~ Niall Williams, “This Is Happiness” (Bloomsbury Publishing; December 3, 2019)


Photo: “All it ever does is rain” by Alan Schaller (via thisisn’thappiness)

Monday Morning

When I began this gathering of essays, which, yes, comes from the French essai, meaning to try, or to attempt, I planned on writing one of these things — these attempts — every day for a year. When I decided this I was walking back to my lodging in a castle (delight) from two very strong espressos at a café in Umbertide (delight), having just accidentally pilfered a handful of loquats from what I thought was a public tree (but upon just a touch more scrutiny was obviously not — delight!), and sucking on the ripe little fruit, turning the smooth gems of their seeds around in my mouth as wild fennel fronds wisped in the breeze on the roadside, a field of sunflowers stretched to the horizon, casting their seedy grins to the sun above, the honeybees in the linden trees thick enough for me not only to hear but to feel in my body, the sun like a guiding hand on my back, saying everything is possible. Everything.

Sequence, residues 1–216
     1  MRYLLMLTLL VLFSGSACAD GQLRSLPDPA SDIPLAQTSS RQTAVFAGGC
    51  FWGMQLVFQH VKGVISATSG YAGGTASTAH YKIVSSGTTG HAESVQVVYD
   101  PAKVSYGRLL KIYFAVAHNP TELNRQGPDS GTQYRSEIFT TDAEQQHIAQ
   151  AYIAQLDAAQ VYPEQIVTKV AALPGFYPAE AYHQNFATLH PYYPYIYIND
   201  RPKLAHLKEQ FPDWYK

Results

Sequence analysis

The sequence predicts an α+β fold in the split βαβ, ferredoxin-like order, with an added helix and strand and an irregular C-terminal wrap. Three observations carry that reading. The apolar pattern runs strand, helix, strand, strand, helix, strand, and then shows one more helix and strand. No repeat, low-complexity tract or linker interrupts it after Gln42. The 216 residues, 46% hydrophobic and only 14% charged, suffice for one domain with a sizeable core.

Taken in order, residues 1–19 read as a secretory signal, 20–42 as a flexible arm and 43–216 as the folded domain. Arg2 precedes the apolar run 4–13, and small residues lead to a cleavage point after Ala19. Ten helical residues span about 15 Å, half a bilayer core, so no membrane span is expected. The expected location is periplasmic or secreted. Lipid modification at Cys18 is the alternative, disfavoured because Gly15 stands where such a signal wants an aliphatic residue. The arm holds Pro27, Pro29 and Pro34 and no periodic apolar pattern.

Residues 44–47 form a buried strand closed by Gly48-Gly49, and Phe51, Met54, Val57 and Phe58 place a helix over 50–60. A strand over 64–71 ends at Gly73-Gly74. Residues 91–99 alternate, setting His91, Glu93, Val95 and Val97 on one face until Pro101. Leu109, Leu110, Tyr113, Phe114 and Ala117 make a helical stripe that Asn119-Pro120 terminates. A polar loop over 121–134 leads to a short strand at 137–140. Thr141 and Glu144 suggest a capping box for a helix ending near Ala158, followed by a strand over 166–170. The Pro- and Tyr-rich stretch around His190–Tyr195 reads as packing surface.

~ Ross Gay,  The Book of Delights


Notes: Loquat Photo. Quote via Brain Pickings

Riding Metro North. No Wings.

Tuesday.

Low 30’s F.

Walking to catch the 6:16 a.m. train to Manhattan, irritated that I have a late jump, and finding a seat is now a 50% probability. $15.25 for a ticket, and I have to worry about getting a seat.

I’m 1000 ft away from the stairs to the platform, and the cyclops eye beams through the morning fog illuminating the track.  This is followed by a short horn blast signaling its arrival at the station.

It’s 3 minutes early.

I run.

I catch the train.